JB Hi-Fi’s half-year profits slip 20% as shoppers haggle for deals

JB Hi-Fi has reported a decline in profits as budget-conscious consumers made more considered choices about their electronics and haggled for better deals, but the figures were better than expected, sending the company’s share price sharply higher on Monday.

The electronic retailer’s half-year net profits of $264.3 million represented a 20 per cent drop compared to the same time last year, while total sales came to $5.2 billion, down from $5.3 billion.

JB Hi-Fi chief executive Terry Smart.
JB Hi-Fi chief executive Terry Smart.Credit: Arsineh Houspian

JB Hi-Fi chief executive Terry Smart said it had been a more challenging and competitive trading environment, but he noted that inflation was settling, interest rate rises were slowing and tax cuts appeared to be on their way.

“There’s a lot of positive talk out there, and that may assist us through this next half. But it’s so much crystal balling,” Smart said in a call to investors.

Despite the sales and profit drop, the figures were better than market expectations, sending JB Hi-Fi’s share price more than 6 per cent higher at midday.

The electronics retailer, which also operates in New Zealand and owns The Good Guys chain, saw total sales from its Australian business rise 0.7 per cent to $3.6 billion, benefiting from Black Friday and Boxing Day sales, with mobile phones, gaming hardware, small appliances and whitegoods selling well.

However, gross profit fell 3 per cent and gross margin also declined due to the volume of promotions and discounts given on the floor. The sales team is encouraged to price-match with competitors to make a sale.

“We’re having to match a lot more deals on the floor,” Smart said.

The Good Guys’ total sales slid by nearly 10 per cent to $1.4 billion, but gross margins ticked up slightly to 23.4 per cent – stronger than JB Hi Fi Australia’s 16.7 per cent – in part driven by the take-up of telco connection services offered by The Good Guys.

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The company has trimmed its interim dividend by nearly 20 per cent to $1.58 per share fully franked, which will be paid on March 8.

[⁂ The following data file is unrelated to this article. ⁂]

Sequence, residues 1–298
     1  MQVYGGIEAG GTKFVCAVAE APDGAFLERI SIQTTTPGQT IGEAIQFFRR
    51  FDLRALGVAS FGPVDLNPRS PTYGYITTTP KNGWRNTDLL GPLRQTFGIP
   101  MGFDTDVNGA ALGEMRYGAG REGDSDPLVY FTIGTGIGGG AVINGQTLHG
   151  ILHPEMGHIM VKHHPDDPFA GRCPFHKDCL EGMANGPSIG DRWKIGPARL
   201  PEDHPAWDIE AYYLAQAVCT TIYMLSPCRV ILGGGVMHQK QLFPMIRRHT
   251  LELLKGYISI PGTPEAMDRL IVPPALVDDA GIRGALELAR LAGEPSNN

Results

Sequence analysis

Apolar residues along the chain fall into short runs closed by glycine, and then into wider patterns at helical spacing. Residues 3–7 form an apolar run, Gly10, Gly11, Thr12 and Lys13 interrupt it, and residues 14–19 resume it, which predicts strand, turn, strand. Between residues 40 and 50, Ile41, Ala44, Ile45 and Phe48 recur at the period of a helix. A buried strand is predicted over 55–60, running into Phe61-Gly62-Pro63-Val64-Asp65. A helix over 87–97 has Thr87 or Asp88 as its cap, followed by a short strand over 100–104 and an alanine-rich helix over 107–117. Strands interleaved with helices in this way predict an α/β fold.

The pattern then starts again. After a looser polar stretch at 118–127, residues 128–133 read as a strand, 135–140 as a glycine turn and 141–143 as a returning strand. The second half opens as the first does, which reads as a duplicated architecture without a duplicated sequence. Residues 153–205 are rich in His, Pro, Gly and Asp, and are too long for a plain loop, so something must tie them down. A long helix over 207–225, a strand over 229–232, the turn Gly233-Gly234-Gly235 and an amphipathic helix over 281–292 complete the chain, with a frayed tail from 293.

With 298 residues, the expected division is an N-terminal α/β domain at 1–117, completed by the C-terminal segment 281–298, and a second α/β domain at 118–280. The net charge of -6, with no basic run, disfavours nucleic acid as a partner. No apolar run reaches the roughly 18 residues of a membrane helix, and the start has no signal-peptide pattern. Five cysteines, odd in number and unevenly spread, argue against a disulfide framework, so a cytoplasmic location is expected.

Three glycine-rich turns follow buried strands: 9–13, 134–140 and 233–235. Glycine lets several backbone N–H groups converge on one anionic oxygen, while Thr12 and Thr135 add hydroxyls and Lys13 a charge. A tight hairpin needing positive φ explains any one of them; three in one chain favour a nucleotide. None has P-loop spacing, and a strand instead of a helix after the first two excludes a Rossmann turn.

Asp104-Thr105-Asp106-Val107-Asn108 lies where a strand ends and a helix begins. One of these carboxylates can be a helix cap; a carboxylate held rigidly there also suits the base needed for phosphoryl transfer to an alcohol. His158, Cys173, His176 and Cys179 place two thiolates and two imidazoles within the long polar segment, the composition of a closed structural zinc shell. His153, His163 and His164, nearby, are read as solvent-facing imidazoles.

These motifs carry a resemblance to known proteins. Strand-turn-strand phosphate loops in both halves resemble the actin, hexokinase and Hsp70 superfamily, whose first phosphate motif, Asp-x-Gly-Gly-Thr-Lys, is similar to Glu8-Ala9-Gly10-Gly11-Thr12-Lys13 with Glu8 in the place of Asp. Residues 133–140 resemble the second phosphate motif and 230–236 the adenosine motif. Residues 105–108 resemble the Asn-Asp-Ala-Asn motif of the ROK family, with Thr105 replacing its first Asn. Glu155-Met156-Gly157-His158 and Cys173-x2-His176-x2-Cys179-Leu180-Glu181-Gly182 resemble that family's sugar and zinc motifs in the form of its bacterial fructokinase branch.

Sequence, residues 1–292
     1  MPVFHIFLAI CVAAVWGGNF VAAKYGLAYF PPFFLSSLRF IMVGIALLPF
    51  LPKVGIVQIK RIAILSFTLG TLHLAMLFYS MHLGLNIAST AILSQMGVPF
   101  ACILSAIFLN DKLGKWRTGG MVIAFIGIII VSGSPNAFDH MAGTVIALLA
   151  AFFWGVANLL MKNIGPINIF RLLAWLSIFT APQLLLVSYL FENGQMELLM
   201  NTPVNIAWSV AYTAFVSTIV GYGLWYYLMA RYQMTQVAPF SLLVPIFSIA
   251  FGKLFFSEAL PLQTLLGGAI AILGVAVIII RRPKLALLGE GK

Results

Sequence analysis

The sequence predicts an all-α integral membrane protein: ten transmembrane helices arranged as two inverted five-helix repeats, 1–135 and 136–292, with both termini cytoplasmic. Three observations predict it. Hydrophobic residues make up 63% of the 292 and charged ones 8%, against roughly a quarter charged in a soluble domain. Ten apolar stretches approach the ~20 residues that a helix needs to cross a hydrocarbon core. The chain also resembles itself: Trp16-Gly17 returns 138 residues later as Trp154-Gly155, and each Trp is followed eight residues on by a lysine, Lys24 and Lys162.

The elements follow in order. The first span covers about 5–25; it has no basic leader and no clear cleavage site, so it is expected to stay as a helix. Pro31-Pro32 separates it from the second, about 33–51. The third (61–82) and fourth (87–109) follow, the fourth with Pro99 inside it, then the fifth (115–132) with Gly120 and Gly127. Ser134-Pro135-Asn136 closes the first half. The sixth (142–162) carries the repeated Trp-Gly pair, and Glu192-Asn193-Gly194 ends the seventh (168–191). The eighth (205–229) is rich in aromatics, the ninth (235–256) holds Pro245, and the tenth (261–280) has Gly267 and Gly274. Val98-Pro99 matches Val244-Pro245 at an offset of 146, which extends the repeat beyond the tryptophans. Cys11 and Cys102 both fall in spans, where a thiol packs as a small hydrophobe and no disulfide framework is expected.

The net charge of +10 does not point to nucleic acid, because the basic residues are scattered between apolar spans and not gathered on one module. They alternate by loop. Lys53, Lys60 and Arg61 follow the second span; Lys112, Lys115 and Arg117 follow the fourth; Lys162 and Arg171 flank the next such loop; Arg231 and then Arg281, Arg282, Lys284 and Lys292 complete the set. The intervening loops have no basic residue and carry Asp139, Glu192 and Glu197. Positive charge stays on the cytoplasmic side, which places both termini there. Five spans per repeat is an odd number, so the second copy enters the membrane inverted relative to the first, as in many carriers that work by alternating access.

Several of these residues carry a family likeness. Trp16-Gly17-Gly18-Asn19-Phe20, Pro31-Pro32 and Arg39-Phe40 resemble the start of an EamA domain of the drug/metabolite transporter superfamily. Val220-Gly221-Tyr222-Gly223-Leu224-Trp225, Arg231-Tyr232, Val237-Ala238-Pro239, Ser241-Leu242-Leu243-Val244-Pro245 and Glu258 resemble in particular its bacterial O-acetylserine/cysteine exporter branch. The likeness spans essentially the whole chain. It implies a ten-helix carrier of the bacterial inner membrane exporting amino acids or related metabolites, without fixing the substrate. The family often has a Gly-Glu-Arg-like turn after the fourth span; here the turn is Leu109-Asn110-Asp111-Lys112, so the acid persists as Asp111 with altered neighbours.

Analysts described trading momentum as better than expected and flagged upgrades of 4-9 per cent to the company’s earnings expectations.

“Another strong, clean result from JB, highlighting in our view the quality of execution,” Jarden analysts wrote in a note issued on Monday morning.

MST Marquee senior research analyst Craig Woolford said he expects the share price to rise, but queried the dividend payout ratio of 65 per cent given the net cash balance of $488 million at the end of the half-year.

“JB Hi-Fi has delivered a solid result under the circumstances of weaker sales and higher operating costs. While the result is decent, there has been some anticipation of a better result,” he said.

So far, the beginning of the second half of the financial year has gone well for JB Hi-Fi, with total sales growth in Australia inching up 2.5 per cent and New Zealand notching 8.2 per cent, but not for Good Guys, which saw sales growth slide 2.2 per cent.

The ASX retailer posted a 3.7 per cent dip in its 2023 financial year profits to $524.6 million as cost-of-living pressures saw customers shop around more for bargains.

The company is also facing a class action for selling extended warranties that allegedly had little or no value because customers already had those rights under Australian Consumer Law, and has not amended any of its practices in light of the lawsuit.

“We certainly believe we haven’t done anything wrong,” Smart said, adding that he would not comment further as it was before the courts.

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Source: Thanks smh.com